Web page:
The Barn Theatre, Southwick Community Centre.
May 9, 10 & 11, 1963.
by James Bridie
Raymond Hopper – Cohen
Barrie Bowen – Cully
Sally Goldsmith – Jean
Fay Sturt – Morag
Ralph Dawes – Mr. McCrimmon
Clodagh O’Farrell – Mrs. McCrimmon
Ian Elliott – Mr. Bolfry
Stage Manager – John Perrett
ASM – Elizabeth Courtney-King
ASM – Mary Chinchen
Lighting – Frank Hurrell
Wardrobe – Morfydd Bowen
Properties – Margaret Perrett
Effects – Grahame Snow
Setting Design – John Perrett
Setting Construction – John Perrett
Front of House Manager – George Penney
Programme Note: Mr. Bolfry
BB wrote “For our last production this season I had hoped to have produced The Queen and the Rebels, but I found through unforeseen circumstances I was unable to do so. Mrs. Penney suggested Mr. Bolfry and after I had read it, I liked it so much that I decided to do it. It has its pitfalls, and I hope that nobody will be upset.
Please remember that Bridie is putting a point of view – whether you agree with it or not. To quote James Agate “It is an adult play. Is the talk good? We have all thought so in our time. In any case it is good enough to make the amateur philosopher inside each one of us want to answer back.”
For those of us who are not philosophers I hope, with the most willing co-operation of the backstage staff to provide enough alarums and excursions to keep you interested, and I hope that you will not have occasion to say with Conk; ‘..I’m bored bloody stiff.'”
Review #1: Mr. Bolfry
Publication: Shoreham Herald
Publication Data: May 17 1963 issue – page 15
Text Header: “PLAY BROUGHT THE DEVIL TO LIFE”
FOR their last production of the season, at the Barn Theatre, Southwick, last week-end, Wick Theatre Company chose James Bridie’s Mr. Bolfry. The play was a queer mixture of comedy and verbose philosophical argument, between a straight-laced Free Kirk minister in the lonely Scottish Highlands and the Devil – Mr. Bolfry, who came vividly to life when ‘raised’ by the bored household taking their instructions from an old book on devil worship. It was not everyone’s idea of popular entertainment, but thanks to an exceptionally talented cast the production can be classified as a success – if not a glowing one.
Producer Bess Blagden had assigned the contrasting rôles with discernment, and each player fully justified selection. The admirable setting helped to make more creditable the total probability of the play. There was a compelling performance by Ian Elliott in the title rôle and Ralph Dawes, as the Minister, Mr. McCrimmon, also sustained a difficult part with a fine sensibility of the requirements. Clodagh O’Farrell, as his wife, brought real finesse to her performance, as did Sally Goldsmith, playing Jean, the minister’s outspoken niece. Raymond Hopper’s droll study of Cohen, the disgruntled soldier billeted far from the familiar sights of crowded London, was a joy, and Barrie Bowen, as his comrade, Cully, with more brains and less gift of the gab, also impressed more than favourably. Ably completing the cast was Fay Sturt, competent and the maid, Morag.
The setting was designed and built by stage manager John Perrett, and the decor was by the producer. Assisting backstage were Elizabeth Courtney-King, Frank Hurrell, Morfydd Bowen, Margaret Perrett, Grahame Snow and Mary Chinchen.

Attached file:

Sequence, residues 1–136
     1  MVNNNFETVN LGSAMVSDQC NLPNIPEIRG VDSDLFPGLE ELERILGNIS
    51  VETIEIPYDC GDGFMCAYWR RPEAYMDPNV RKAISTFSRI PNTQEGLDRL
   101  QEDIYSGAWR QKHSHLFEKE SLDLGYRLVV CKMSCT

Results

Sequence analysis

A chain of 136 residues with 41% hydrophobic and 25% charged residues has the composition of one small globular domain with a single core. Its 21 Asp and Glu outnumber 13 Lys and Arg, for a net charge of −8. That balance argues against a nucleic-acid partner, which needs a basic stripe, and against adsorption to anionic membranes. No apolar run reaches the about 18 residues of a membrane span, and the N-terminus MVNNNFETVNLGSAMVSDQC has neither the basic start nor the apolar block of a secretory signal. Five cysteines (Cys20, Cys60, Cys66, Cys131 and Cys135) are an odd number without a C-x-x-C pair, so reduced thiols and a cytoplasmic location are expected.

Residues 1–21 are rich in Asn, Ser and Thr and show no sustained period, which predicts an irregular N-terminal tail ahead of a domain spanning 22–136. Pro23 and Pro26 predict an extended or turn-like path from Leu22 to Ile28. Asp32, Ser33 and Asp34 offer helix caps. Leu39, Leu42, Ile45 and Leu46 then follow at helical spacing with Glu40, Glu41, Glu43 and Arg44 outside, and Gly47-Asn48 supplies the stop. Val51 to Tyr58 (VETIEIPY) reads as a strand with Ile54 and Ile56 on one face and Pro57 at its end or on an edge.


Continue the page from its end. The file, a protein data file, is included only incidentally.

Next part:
Review #2: Mr. Bolfry
Publication: Brighton & Hove Gazette
Publication Data: May 17 1963 issue
Text Header: “Credit mark for the Wick”
THE Wick Theatre Company more than distinguished themselves with their production last week of James Bridie’s Mr. Bolfry. It is an extremely difficult play with a range from low comedy to theological argument. The story happens on a Sunday in the Manse of the Free Kirk at Larach in the Western Highlands of Scotland where two soldiers on a gun post are billeted and bored; where a niece of the Minister is on holiday and bored; and these three, together with the maid servant, Morag, using the formula found in an old book in the Manse library, successfully summon up the Devil, Mr. Bolfry.
The two soldiers are Cohen, known as ‘Conk’ from the Borough road, played with a keen sense of character by Raymond Hopper, and the intellectual Cully who is given an authoritative reading by Barrie Bowen. As the niece, Jean, Sally Goldsmith gave the impression of being a little unsure of herself and this unnecessarily since, with a little more attack, her playing would have merited a mark of excellence. The Minister, Mr. McCrimmon, was made an awesome figure by Ralph Dawes, inflexible in holding to the uncompromising tenets of his faith, bewildered by the specious and near-logical argument of Mr. Bolfry and impressive in the courage with which he faces his adversary.
As his wife, Clodagh O’Farrell contributed a gem of character acting. Her quiet authority, her truly humble acceptance of the life to which she had been called, and her skilful but unobtrusive handling of the situation was really quite masterly. Morag, the servant girl, easily persuaded yet forever fearing the wrath of the Minister was well played by Fay Sturt. The difficult task of playing Mr. Bolfry was achieved with great ability by Ian Elliott. The author has given to Mr. Bolfry a speech of inordinate length in which he expounds his Satanic philosophy but skilful handling made it of sustained interest. The part, too, was well observed in detail.
John Perrett has designed and built an exceptionally good setting, and Bess Blagden has done a good job of production. Despite the difficulties of a small stage I could have wished that Mr. Bolfry had shown more respect for the mystic circle by which the others were protected from his predatory presence.